Hardy, Bradley, Shria Holla, Elizabeth Krause, and James P. Ziliak. 2023. “Inequality in the United States: 1975-2022” in Country Studies: Inequalities in Europe and North America, A parallel study to the IFS Deaton Review. Institute for Fiscal Studies.

Wilson, Danielle, Sophie Collyer, Bradley Hardy, and Christopher Wimer. 2023. “State-Level Poverty Impacts of the Child Tax Credit in 2021.” Poverty and Social Policy Fact Sheet.

Gennetian, Lisa, and Bradley Hardy. 2023. “The Financial and Psychological Costs of Income Volatility.” Econofact.

Hardy, Bradley, Sophie M. Collyer, and Christopher T. Wimer.2023.“The Antipoverty Effects of the Expanded Child Tax Credit across States: Where Were the Historic Reductions Felt?” The Hamilton Project: Brookings Institution, Economic Studies.

Jones, Damon, Dania Francis, Fern Ramoutar, and Bradley Hardy. 2023. “Tracing the Color Line: An Overview of Black-White Economic Inequality in the United States.” Prepared for Uncovering Inequality, Ira A. Lipman Center for Journalism on Civil and Human Rights at Columbia University.

Hardy, Bradley. 2022. “Child Tax Credit Has a Critical Role in Helping Families Maintain Economic Stability.” Center on Budget and Policy Priorities.

Hardy, Bradley, Charles Hokayem, and James P. Ziliak. 2022. “The EITC and Racial Income Inequality.” WorkRise-Urban Institute Research Brief.

Hardy, Bradley, and Trevon Logan. 2021. “The Way Back: Assessing Economic Recovery Among Black Americans During COVID-19.” The Hamilton Project: Brookings Institution, Economic Studies.

Gaines, Alexandra Cawthorne, Bradley Hardy, and Justin Schweitzer. 2021. “How Weak Safety Net Policies Exacerbate Regional and Racial Inequality.” Center for American Progress.

Hardy, Bradley L., and Trevon D. Logan. 2020. “Racial Economic Inequality Amid the COVID-19 Crisis.” The Hamilton Project Essay 2020-17: Brookings Institution, Economic Studies.

Hardy, Bradley and James P. Ziliak. 2020. “Money, money, money: The fiscal response to COVID-19.”

Hardy, Bradley L., and Dave E. Marcotte. 2020. “Education and the Dynamics of Middle-Class Status.” Brookings Institution, Economic Studies.

Kent, Ana H., and Bradley Hardy. 2019. “Renter Households Face Trade-offs Choosing Amenities or Price.” Federal Reserve Bank of St. Louis—In the Balance Series.

Casey, Marcus, and Bradley L. Hardy. 2018. “50 years after the Kerner Commission report, the nation is still grappling with many of the same issues.”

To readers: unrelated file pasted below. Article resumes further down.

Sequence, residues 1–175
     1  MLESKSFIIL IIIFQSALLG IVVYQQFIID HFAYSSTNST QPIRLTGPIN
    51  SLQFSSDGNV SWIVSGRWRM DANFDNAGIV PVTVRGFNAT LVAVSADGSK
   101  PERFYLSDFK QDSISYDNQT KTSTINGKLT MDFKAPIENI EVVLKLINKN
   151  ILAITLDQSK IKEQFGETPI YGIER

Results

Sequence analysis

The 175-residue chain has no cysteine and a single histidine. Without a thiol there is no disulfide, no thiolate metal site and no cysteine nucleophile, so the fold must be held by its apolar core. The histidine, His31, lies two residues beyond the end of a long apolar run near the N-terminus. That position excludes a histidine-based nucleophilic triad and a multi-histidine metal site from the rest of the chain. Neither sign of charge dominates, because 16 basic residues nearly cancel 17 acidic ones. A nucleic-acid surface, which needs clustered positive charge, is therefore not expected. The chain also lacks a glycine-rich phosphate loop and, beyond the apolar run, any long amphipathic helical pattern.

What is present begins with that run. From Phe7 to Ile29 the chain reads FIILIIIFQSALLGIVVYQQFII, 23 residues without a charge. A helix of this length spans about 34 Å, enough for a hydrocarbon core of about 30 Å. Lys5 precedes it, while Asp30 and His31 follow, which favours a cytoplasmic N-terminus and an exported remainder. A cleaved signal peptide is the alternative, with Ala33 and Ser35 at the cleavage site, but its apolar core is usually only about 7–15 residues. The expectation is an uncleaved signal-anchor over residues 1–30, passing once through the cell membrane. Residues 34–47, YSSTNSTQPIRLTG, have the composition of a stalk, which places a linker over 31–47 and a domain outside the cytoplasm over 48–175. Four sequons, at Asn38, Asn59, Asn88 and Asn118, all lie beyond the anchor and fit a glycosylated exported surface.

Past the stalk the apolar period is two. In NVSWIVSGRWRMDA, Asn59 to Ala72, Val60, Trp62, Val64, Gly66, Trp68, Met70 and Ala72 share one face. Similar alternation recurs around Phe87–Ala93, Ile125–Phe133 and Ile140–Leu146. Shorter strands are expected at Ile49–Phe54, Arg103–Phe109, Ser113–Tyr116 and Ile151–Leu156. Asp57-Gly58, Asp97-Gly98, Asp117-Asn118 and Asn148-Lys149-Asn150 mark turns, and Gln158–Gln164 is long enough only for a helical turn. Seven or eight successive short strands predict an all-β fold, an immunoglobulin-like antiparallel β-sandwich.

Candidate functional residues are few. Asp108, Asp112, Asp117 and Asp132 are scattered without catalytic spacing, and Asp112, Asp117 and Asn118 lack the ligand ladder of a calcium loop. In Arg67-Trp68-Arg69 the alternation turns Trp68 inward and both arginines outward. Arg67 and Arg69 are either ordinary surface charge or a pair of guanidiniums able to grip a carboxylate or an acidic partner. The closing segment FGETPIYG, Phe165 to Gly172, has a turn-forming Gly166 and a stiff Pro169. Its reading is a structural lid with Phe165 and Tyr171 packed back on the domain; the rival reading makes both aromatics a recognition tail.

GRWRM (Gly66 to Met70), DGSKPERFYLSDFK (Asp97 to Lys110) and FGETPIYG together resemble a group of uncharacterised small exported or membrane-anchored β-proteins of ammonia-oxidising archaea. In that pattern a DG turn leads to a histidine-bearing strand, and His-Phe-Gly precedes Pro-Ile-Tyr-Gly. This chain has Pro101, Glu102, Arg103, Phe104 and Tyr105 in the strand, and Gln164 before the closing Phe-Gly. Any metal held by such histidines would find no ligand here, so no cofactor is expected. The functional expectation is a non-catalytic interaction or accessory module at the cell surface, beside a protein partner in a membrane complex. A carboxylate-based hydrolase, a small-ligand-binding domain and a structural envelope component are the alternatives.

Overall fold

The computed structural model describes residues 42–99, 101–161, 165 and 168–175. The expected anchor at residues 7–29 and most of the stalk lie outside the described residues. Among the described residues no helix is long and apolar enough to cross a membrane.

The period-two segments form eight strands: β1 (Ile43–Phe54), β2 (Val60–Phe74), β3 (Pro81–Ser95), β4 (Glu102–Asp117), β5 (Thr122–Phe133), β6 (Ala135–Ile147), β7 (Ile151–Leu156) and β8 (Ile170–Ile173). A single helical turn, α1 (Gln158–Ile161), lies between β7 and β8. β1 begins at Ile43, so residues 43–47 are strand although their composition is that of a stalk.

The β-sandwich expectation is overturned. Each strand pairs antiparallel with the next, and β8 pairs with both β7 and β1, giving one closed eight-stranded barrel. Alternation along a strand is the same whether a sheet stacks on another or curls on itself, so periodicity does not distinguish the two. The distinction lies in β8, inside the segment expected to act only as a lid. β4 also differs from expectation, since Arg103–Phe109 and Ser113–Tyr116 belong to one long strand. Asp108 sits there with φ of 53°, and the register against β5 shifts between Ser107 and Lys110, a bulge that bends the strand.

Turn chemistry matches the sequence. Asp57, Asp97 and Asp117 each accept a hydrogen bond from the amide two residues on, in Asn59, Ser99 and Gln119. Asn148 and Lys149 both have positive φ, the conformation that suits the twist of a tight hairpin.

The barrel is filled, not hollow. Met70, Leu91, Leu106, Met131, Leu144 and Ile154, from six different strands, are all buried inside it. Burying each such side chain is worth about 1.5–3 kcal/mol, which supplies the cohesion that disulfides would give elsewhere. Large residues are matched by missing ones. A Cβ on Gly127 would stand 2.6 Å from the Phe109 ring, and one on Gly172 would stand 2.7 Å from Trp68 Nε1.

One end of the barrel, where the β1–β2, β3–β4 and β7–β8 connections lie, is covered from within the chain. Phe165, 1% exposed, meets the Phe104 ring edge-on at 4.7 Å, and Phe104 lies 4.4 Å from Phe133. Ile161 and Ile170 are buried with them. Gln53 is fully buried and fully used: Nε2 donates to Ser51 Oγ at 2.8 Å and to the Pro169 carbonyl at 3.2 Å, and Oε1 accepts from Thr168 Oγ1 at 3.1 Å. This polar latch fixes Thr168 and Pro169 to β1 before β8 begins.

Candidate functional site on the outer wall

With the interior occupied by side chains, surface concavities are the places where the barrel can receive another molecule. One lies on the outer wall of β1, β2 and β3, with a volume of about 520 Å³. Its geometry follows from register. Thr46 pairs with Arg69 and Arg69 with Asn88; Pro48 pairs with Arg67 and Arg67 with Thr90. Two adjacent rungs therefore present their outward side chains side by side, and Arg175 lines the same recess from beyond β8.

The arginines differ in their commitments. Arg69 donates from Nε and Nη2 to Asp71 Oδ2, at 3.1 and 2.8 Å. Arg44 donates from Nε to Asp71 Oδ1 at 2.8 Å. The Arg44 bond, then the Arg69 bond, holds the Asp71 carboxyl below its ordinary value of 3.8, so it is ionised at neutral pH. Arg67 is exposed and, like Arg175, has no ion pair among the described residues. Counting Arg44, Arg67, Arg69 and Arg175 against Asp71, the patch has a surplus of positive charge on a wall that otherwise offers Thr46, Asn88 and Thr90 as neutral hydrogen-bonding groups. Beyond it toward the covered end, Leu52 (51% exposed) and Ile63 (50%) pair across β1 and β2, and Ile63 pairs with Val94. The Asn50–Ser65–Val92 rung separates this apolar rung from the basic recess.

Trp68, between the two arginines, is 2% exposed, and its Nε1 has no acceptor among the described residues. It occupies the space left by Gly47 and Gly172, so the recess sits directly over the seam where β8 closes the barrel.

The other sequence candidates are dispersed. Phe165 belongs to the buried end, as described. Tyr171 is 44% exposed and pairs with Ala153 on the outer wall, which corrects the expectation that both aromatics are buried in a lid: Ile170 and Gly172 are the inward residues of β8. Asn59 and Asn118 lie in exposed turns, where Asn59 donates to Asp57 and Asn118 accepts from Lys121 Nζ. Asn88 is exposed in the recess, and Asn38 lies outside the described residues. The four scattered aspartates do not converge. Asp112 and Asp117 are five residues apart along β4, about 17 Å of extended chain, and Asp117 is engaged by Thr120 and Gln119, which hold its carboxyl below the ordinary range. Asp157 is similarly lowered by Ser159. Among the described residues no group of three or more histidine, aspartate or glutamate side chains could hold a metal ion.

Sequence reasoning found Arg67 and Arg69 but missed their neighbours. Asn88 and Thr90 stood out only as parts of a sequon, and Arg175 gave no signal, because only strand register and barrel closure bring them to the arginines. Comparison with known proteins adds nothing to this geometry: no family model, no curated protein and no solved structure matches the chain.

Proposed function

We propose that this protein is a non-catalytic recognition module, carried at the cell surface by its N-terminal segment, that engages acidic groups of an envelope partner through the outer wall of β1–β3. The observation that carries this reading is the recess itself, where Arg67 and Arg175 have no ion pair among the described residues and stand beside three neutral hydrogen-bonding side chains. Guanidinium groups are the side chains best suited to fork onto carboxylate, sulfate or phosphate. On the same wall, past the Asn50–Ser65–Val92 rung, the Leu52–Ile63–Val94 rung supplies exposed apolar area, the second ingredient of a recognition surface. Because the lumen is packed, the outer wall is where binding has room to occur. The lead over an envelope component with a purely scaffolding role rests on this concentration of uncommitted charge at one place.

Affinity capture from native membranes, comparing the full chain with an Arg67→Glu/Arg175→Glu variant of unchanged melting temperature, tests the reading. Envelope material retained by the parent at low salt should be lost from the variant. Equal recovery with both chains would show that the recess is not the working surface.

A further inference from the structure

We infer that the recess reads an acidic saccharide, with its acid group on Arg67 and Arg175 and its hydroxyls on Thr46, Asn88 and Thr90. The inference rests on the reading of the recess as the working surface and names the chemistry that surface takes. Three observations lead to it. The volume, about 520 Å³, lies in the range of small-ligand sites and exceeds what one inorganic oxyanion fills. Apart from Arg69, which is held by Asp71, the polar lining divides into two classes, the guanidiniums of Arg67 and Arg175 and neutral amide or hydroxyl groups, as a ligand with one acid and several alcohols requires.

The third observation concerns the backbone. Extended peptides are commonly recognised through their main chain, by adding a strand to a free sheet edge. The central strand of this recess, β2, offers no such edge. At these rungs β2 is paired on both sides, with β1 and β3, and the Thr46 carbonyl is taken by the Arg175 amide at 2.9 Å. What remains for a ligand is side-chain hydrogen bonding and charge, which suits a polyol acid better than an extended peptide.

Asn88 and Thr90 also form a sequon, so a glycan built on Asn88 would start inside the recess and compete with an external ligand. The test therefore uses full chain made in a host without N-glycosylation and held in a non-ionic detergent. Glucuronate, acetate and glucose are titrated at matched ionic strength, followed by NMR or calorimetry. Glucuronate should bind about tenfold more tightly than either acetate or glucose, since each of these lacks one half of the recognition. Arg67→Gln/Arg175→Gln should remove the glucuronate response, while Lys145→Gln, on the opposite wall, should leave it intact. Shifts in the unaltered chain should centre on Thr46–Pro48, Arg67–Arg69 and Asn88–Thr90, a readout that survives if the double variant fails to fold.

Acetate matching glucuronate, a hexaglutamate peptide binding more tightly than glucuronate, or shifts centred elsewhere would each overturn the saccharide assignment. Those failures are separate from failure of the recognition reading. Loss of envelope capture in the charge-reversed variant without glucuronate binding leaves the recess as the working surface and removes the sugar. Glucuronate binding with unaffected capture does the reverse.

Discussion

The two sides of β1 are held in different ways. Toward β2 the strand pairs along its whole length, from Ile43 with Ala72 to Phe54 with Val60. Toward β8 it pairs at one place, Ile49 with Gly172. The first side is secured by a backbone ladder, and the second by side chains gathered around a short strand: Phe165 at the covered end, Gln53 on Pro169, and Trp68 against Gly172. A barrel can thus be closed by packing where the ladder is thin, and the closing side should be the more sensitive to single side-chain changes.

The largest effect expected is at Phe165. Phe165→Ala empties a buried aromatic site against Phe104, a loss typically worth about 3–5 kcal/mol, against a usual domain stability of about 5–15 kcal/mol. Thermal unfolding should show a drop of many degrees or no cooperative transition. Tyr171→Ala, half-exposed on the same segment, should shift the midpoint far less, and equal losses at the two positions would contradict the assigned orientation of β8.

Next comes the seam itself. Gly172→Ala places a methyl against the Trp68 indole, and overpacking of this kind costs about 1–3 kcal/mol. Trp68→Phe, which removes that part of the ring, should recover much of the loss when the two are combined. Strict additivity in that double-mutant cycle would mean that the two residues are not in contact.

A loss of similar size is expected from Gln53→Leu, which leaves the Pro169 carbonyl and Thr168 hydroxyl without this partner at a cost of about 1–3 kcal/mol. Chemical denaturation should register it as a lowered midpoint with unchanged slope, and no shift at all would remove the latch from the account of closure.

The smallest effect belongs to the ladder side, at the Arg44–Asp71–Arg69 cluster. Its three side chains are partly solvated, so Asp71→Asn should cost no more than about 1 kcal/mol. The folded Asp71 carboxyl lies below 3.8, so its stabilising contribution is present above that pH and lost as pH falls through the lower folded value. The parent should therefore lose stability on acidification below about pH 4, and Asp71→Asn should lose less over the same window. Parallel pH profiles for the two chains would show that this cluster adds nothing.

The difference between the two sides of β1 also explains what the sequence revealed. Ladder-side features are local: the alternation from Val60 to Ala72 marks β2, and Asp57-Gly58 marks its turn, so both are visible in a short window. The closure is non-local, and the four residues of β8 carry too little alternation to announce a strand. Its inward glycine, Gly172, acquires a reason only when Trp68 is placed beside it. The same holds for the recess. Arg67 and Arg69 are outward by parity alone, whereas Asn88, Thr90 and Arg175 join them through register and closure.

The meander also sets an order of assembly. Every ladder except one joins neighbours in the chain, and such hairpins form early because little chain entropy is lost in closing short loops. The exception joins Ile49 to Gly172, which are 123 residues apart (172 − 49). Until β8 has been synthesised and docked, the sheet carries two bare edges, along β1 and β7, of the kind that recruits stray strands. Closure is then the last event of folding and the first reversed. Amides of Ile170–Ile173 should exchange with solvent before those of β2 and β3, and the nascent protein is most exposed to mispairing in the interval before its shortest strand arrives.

Casey, Marcus, and Bradley L. Hardy. 2018. “Reduced unemployment doesn’t equal improved well-being for black Americans.”

Hardy, Bradley L., and Nicholas Gaffney. 2017. “Fractured Factions: Labor Unions, the Rust Belt, and Black America.” Prepared for Real Clear Markets and Brookings.

Hardy, Bradley L. 2016. “Addressing Income Volatility in America: Flexible Policy Solutions for Changing Economic Circumstances.” Prepared for Washington Center for Equitable Growth.

Hardy, Bradley L. 2016, “TANF Policy to Address Low, Volatile Income Among Disadvantaged Families.” Prepared for Council on Contemporary Families.

Hardy, Bradley L. 2016. “Race and Income Volatility: A Discussion with Bradley Hardy.” Aspen Institute Financial Security Program. Reposted by The Brookings Institution at

Hardy, Bradley, James P. Ziliak, and Charles Hokayem. 2008. “The economic impact of child care subsidies for Kentucky,” University of Kentucky Center for Poverty Research Occasional Policy Brief No. 3.

Hardy, Bradley, Richard Kogan, and Arloc Sherman, and. 2005.  “What Are The Effects of Cutting Domestic Appropriations Another Two Percent?” Center on Budget and Policy Priorities.

Parrott, Sharon, Arloc Sherman, and Bradley Hardy. 2005. “House Budget Resolution Would Require Much Deeper Cuts In Key Low-Income Programs Than Senate Budget Plan: Depth and Breadth of Cuts a Key Issue in the Budget Resolution Conference,” Center on Budget and Policy Priorities.

Parrott, Sharon, Jim Horney, Isaac Shapiro, Ruth Carlitz, Bradley Hardy, and David Kamin. 2005.“Where Would the Cuts Be Made Under the President’s Budget? An Analysis of Reductions in Education, Human Services, Environment, and Community Development Programs,” Center on Budget and Policy Priorities.